Hassan Hajjaj

Hassan Hajjaj on Art, Colour, Morocco, 
Kesh Angels, Rock Stars, His Journey and Bringing People Together 


Stepping into the exhibition La Caravane at Somerset House you are entering Hassan Hajjaj's vibrant world and going on a journey with him through his art.
Walking through the rooms of colour and energy, his friends, artists, musicians and a variety of characters adorn the artist's work, and the viewer is invited to join the festivities through his visual documentation that comes with a duality of being aesthetically beautiful and at the same time making us think about an array of issues from consumerism to identity.
Hassan Hajjaj shows a perspective of Morocco enchanting us with colour and music, showcasing a variety of subcultures intertwined and coming together through the power of art. 
His personal journey is an inspiration, a true soul of an artist.
Join the magical vibes of Hassan Hajjaj's work and the ongoing conversation of fusing art, design and fashion together and head to Somerset House to fill the winter sky with tints of Morocco.
​As we sat down for the interview below, it was clear that Hassan Hajjaj cares deeply about his friends and bringing positivity and brightness to life.  


Rider, by ©Hassan Hajjaj, courtesy of Vigo Gallery
You grew up in Larache Morroco, how was your childhood there?

My childhood was a happy memory, we didn’t have much money, but all I remember was bright sunshine, the sea, friends , football, going to the village in the summer for three months where my grandma was from, and where there was no water, no electricity, no toilet, so you had to get involved with everything from the day you got there. Now thinking about it, that has probably come out in my work, we didn’t have any toys or games, so everything we did we had to create in order to have toys or we would spend three days on the beach picking seaweed to sell it to get a bit of money to go see a movie. So it was a happy memory.

So you were probably a bit of an artist without realising it, you were creating from then

Well I would say, it’s survival and (yes) being creative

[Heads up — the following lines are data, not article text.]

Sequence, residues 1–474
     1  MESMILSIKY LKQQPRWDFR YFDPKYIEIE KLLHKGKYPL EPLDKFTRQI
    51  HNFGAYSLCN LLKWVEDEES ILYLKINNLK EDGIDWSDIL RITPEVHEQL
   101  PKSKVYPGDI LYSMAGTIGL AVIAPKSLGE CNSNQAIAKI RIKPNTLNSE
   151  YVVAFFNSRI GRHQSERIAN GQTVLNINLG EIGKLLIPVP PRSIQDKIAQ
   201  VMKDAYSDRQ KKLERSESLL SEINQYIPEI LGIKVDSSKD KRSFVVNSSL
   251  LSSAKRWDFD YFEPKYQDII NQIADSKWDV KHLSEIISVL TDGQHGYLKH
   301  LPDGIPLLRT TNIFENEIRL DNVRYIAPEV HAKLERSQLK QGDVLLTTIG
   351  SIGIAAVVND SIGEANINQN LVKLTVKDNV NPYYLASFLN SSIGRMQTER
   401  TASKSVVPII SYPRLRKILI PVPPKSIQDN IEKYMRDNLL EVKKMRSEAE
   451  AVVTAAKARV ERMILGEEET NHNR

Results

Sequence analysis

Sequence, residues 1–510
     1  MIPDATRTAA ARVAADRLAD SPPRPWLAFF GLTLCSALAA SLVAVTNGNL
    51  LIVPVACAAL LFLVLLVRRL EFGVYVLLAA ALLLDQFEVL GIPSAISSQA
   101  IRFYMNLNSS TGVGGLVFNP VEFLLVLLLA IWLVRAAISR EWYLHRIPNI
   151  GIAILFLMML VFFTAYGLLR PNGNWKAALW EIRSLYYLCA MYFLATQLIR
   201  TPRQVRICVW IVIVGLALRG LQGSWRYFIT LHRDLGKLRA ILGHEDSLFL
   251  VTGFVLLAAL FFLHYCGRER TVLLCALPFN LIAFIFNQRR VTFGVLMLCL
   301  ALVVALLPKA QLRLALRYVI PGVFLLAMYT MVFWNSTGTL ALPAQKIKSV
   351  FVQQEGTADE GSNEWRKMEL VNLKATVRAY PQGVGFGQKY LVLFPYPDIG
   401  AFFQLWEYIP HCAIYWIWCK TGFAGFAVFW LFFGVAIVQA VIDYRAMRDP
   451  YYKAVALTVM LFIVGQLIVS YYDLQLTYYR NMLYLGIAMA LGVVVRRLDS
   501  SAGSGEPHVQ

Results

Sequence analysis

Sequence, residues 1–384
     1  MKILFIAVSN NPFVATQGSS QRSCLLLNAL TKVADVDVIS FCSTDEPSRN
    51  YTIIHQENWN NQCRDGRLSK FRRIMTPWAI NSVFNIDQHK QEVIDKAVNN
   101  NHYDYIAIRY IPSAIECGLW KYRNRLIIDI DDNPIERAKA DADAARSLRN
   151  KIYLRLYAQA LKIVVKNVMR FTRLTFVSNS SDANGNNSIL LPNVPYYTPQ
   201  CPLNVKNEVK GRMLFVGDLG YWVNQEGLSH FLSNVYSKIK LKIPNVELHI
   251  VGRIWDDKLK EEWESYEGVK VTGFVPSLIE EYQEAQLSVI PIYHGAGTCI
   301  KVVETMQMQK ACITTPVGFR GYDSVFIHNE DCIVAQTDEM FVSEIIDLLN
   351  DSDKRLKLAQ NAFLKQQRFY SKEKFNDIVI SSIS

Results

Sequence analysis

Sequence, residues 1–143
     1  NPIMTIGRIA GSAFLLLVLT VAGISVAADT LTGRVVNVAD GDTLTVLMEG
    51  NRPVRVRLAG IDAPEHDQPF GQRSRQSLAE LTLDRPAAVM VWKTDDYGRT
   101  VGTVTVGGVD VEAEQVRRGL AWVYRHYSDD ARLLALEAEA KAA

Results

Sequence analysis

​Also there were a lot of women around you, do you think that had an impact on your work later on?

It’s funny because someone else asked me this a couple of days ago and I didn’t really think about it, but probably so, because from when I was born, well until the age of 14, I grew up in a house with my mum, my grandma, my aunty and my three sisters, so I was right in the middle, one would spoil me, one would hit me, one would be in the middle, and my youngest would probably say that I would beat them up or something. So it was probably from that definitely.
Kesh Angels, 2010 by ©Hassan Hajjaj, courtesy of Vigo Gallery
You then moved to London in your teens, how did London shape you, what did you feel about the city?

Well London in the beginning was difficult but then you know at that stage in your life you can adapt quicker and so you have to sort of find yourself within a new environment and new friends and a new culture, I think within a couple of years, three years, it sort of started to happen, and i became part of the London scene I suppose. 
Did you start in music?

No I didn’t start in music. I came out of school with zero qualifications. I left school at 15. 
So from there I tried a few jobs working as a gardener in a timber yard, in Woolworth, and it was like three months here, a week there, stuff like that, and it just wasn’t something I wanted to do. This one time, it was quite tough I didn’t have any money and I remember I had an interview for a job and I had enough money to get there by bus but I didn’t have money to get back, but I thought you know if I go there, you never know. It was a job for packing hats and I dressed up for the interview and went there, but when I had the interview, I knew I wouldn’t get the job and had to walk back home, which was about an hour’s walk and in that hour’s walk, I had to reassess what I wanted to do. And then, well, becoming unemployed for 6 years and within that 6 years I started to do little parties and stuff like that to survive.